Education World | 15 September 2016
Over the past two decades, budget private schools have multiplied as bottom-of-pyramid households have cottoned on that real education (including English language learning) is the passport to upward mobility
India’s estimated 300,000 budget private schools (BPS) are a unique phenomenon, evidence of the fierce determination of households even at the base of India’s iniquitous social hierarchy to secure a good future for their children. Sited mainly in urban slums, tier II and III towns and rural India, BPS are small, often ‘unrecognised’ schools promoted by edupreneurs to meet the demand of low-income households fed up with or distrustful of dysfunctional government schools defined by crumbling infrastructure, multi-grade classrooms, chronic teacher absenteeism, corporal punishment, English language aversion and abysmal learning outcomes.
Over the past two decades, BPS have multiplied as bottom-of-pyramid households — even if not the ruling neta-babu brotherhood — have cottoned on that real education (including English language learning) is the passport to upward socio-economic mobility. Budget private schools are typically crammed into small premises — often rented — charging monthly tuition fees ranging from Rs.70-150 in rural areas, and Rs.200-600 in urban India.
However the country’s sui generis BPS are facing an uncertain future with education ministry officials countrywide shaking them down or closing them for non-compliance with s. 19 and the Schedule of the Right of Children to Free and Compulsory Education Act, 2009 (aka RTE Act). This provision makes it mandatory for all schools to comply with minimal infrastructure and teacher-pupil ratio norms. According to the Centre for Civil Society (CCS), a top-ranked Delhi-based think-tank, over the past two years 2,983 private budget schools countrywide have been shut down with another 5,097 issued closure notices.
Your editors believe that the best way to stem the exodus of children from free-of-charge government schools is through improvement of their teaching-learning standards rather than shutting down budget private schools. Therefore, we have opposed the provisions of s.19 particularly because government schools are exempt from its penal provisions. The reality that an estimated 60 million children — an astonishing number — are enrolled with them is proof that BPS provide parents affordable alternatives to dysfunctional government schools. Consequently to confer recognition and appreciation upon the country’s best budget private schools, last year your editors introduced the EW India Budget Private Schools Rankings.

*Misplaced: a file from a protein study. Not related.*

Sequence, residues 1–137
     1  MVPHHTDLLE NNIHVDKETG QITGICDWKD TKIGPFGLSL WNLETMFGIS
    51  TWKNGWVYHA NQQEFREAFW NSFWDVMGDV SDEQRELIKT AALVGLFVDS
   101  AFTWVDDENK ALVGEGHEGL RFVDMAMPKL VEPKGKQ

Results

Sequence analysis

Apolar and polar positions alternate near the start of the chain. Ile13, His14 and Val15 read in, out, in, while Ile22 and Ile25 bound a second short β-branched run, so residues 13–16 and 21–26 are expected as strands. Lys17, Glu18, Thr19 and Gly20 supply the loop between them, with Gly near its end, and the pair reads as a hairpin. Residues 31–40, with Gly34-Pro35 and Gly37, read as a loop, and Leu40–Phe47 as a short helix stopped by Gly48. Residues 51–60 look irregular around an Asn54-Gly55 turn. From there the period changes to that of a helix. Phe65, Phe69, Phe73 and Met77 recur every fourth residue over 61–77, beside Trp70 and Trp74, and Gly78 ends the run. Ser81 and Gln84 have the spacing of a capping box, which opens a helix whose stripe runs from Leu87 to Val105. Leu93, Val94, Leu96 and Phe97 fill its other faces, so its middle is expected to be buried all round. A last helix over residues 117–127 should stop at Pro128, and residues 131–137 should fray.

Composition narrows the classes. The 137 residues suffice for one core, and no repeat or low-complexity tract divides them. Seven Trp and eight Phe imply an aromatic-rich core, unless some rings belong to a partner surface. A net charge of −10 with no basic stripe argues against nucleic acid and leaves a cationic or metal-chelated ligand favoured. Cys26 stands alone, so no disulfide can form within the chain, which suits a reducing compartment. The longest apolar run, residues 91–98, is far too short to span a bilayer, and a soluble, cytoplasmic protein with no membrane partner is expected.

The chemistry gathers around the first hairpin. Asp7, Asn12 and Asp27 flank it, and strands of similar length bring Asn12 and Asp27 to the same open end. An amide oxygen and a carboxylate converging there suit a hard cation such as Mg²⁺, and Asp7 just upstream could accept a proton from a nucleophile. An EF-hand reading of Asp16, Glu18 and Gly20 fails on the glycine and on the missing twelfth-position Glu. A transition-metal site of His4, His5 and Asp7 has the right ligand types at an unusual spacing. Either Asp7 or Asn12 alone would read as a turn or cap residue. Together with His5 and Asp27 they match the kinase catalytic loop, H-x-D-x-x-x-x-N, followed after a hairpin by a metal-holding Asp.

As in 2015, to compile a modest national league table of India’s 25 best budget private schools, we solicited the aid and advice of CCS and the National Independent Schools Alliance (NISA estb. 2011), a representative organisation of budget private schools, to shortlist 25 well-managed BPS in several major cities. Subsequently, field representatives of C fore interviewed 883 SEC (socio-economic category) C, D and E parents and 127 teachers of budget private schools to rate them on 12 parameters of school education excellence. The ratings awarded were totaled to rank India’s best BPS inter se.
Comments Premchand Palety, promoter-CEO of C fore who personally visited several top-ranked BPS to double check: “The list of schools provided by CCS/NISA was shown to a mix of teachers and parents per city who were asked to rate budget private schools with which they were familiar. Schools rated by less than 25 respondents are not included in the league table. Promoted by committed edupreneurs, budget private schools are greatly appreciated by bottom-of-the-pyramid parents for delivering progressive education, including English language learning.”
In the second EW Budget Private Schools Rankings 2016, the 1,010 informed sample respondents have once again voted the Muni International School (MIS), Delhi India’s #1 private budget school. Promoted in 2002 by Ashok Thakur, an alumnus of Delhi University and ex-serviceman, Muni International is top-ranked on six of the 12 parameters of education excellence.
“I am thankful to EducationWorld, which by conferring honours and awards on budget private schools, is making us acceptable to society. Obviously, there’s growing awareness within the public that good quality education can be imparted with minimal resources. By transforming teachers into facilitators and encouraging peer-to-peer learning we have been able to improve students learning outcomes dramatically. In MIS we believe that majestic buildings and infrastructure and highly qualified teachers are not necessary. Moreover, we are eager to share our model with other low-cost schools. Recently we’ve signed up with 25 government schools in Haryana, where our model of education will be implemented with the help of the well-known company Tech Mahindra Ltd,” says Thakur, principal of Muni International which has an enrolment of 750 students and 35 teachers on its musters.
Further down the national league table, there’s been no major change with almost all previously Top 10 ranked schools retaining their seats at top table. The only new entrant in the Top 10 is Don Bosco High School, Dombivali, Mumbai which has risen in the estimation of the sample respondents from #15 last year to #10.